Despite claims that the implementation of Common Core will not impact local school board budgets, the Jefferson Parish Public School System (JPPSS) is selling $50 Million in new bond debt, with $35 Million allocated for technology upgrades to administer the Common Core standardized test, also known as PARCC.
While technically labeled “The Common Core State Standards”, in reality, Common Core provides a national set of standards for students and school systems.
Unlike traditional testing and standards, proponents of Common Core claim the standards are designed to reflect “the knowledge and skills that our young people need for success in college and careers.”
Sounds good, right?
Not according to the Heritage Foundation, a leading conservative Washington think tank. The Heritage Foundation believes in limited government and is disappointed by the lack of parental input in Education.
“Common Core is yet another top-down approach to education reform. American citizens were not engaged in the decision-making process to adopt the standards. Centralized education is not conducive to the American model of self-government. Self-government in education requires empowering families with educational opportunity to make sure their children can inherit the blessings of a free society.”
So, why did Governor Jindal agree to accept and implement Common Core? In a nutshell: Dollars, both in terms of taxes and contracts.
While allowing state governors to “voluntarily” accept Common Core, the Federal Department of Education then withheld Federal education dollars from those states that refused to adopt the new, Nationalized Common Core Standards initiative.
The Heritage Foundation is critical of the Federal Government’s role in Common Core.
“State officials were enticed to adopt the standards through (1) stimulus funding and (2) a process that completely circumvented Congress: the Administration offering No Child Left Behind waivers to states that agreed to adopt common standards.”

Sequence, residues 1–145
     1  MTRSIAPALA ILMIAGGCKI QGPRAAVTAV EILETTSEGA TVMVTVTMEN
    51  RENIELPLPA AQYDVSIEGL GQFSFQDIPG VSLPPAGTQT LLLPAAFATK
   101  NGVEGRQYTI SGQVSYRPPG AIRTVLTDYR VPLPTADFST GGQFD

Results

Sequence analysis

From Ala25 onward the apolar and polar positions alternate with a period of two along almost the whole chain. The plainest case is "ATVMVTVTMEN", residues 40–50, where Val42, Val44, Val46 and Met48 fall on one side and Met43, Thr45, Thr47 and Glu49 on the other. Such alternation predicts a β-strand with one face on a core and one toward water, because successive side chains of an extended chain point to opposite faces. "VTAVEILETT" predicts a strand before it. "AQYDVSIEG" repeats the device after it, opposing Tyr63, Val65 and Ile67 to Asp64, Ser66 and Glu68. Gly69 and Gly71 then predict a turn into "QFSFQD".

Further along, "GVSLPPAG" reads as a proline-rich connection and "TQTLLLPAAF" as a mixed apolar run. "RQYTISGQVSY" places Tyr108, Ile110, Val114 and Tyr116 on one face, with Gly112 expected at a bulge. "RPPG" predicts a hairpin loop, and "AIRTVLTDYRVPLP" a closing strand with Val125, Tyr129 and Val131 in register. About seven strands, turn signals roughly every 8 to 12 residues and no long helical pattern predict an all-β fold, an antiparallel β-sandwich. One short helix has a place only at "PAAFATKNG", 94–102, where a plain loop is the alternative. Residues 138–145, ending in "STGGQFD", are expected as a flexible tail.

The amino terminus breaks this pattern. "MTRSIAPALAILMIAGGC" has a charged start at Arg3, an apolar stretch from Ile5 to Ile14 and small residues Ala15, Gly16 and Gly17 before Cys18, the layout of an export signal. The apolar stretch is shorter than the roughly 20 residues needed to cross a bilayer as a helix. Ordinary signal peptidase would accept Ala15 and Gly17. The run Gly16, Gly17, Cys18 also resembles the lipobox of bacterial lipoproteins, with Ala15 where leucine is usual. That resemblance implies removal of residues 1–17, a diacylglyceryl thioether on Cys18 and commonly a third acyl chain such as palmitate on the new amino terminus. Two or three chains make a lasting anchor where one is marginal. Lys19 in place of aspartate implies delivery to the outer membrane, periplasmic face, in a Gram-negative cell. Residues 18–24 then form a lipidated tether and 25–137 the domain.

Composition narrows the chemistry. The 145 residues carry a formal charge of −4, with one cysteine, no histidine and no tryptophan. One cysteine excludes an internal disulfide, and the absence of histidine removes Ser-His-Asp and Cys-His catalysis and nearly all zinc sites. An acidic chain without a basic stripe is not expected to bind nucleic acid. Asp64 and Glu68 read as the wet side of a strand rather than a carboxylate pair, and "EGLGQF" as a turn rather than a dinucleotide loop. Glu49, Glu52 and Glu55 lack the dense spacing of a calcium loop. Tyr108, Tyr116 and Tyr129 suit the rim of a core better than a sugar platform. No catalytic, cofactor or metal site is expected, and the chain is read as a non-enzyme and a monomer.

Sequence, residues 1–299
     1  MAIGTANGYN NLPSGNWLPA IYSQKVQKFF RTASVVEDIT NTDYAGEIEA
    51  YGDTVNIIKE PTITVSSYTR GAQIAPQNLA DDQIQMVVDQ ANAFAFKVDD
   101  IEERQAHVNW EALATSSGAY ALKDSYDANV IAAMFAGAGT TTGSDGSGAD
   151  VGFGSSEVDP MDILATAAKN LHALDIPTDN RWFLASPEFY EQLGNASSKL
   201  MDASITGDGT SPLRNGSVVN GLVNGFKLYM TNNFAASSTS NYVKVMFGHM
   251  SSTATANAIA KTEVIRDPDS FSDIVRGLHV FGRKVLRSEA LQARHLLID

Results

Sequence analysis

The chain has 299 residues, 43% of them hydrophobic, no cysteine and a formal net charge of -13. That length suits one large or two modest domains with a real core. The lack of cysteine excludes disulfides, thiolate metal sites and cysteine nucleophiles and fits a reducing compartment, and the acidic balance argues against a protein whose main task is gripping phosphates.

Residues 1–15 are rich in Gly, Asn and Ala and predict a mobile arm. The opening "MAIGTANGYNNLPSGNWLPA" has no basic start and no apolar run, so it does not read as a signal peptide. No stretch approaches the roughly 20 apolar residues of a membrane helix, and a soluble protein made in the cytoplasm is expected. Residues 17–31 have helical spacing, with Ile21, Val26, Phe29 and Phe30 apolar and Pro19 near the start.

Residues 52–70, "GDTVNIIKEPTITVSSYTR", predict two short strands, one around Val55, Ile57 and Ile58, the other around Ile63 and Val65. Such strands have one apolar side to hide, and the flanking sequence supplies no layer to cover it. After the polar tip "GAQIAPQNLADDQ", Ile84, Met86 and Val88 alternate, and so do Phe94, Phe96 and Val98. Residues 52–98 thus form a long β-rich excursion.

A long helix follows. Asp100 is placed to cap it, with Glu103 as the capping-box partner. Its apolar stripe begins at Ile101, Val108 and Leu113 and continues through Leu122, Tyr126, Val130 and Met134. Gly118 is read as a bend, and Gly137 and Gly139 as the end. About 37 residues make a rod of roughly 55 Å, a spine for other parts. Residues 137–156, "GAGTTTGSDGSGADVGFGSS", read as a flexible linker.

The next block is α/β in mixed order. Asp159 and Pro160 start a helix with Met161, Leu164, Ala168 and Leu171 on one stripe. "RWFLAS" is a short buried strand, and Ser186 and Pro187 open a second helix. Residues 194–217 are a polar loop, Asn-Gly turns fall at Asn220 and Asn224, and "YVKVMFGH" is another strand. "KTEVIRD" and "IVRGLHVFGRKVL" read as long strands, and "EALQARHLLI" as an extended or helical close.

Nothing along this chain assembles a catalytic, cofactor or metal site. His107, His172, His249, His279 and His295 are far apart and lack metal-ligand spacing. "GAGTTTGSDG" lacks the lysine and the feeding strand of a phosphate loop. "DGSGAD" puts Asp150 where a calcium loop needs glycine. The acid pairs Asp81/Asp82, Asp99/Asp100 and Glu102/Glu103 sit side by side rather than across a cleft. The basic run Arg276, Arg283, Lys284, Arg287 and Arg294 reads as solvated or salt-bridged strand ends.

It also casts a dire warning for the future:
“But as implementation of the new centralized standards move forward, parents will soon learn what’s in Common Core, and taxpayers will learn what it will cost them.”
The Pioneer Foundation estimates that over a seven (7) year time horizon, implementation of Common Core will cost state and local governments approximately $15.8 Billion, including $6.9 Billion for technology infrastructure and support, $5.3 Billion for “professional development”, and $2.5 Billion for textbooks and instructional materials.
And, where will that spending come from? Get out your wallets folks.
On the local level, the group Stop Common Core Coalition of Louisiana is already banging the drums.
“Many who have been sounding the alarm about the Common Core Standards Initiative (standards, testing, and data collection) are concerned about the cost to taxpayers of Louisiana that will be incurred under this unfunded mandate,” the group's co-coordinator Terri Timmcke said. “We have been told by the Louisiana Department of Education and by BESE members that our school costs will not rise. That is completely false.”
Timmcke points out the JPPSS bond debt sale which, like the recent bond debt sale in the City of Kenner, was approved without a vote of the people.
“The Jefferson Parish School Board met Oct 1 and plans to move forward to borrow $50 Million on a bond issue. $35 Million of that will go towards computers and software for the PARCC testing.”
State Rep. Cameron Henry (R-Jefferson) is introducing a bill to stop the implementation of Common Core. He claims that the Jindal Administration incorrectly portrayed Common Core when it was brought to the legislature.
“She (Assistant Superintendent of Education Erin Bendily) said it ‘doesn’t represent a large shift from what we’re doing now,” Henry said. “That’s not true.”
Even as the JPPSS continues with its plan to borrow money to fund the implementation of Common Core, other school boards in Louisiana are distancing themselves from the plan.
Thursday, a St. Tammany Parish School Board committee adopted a resolution calling on the state to stop Common Core. The resolution goes before the entire School Board at the next meeting.
Ironically, the St. Tammany Parish School System is consistently ranked among the state’s best school systems while the JPPSS is in the bottom 1/3rd for the state.
So, what does the St. Tammany Parish School Board know that the Jefferson Parish School Board doesn’t?
Obviously, quite a bit.
Perhaps we should give the JPPSS a test.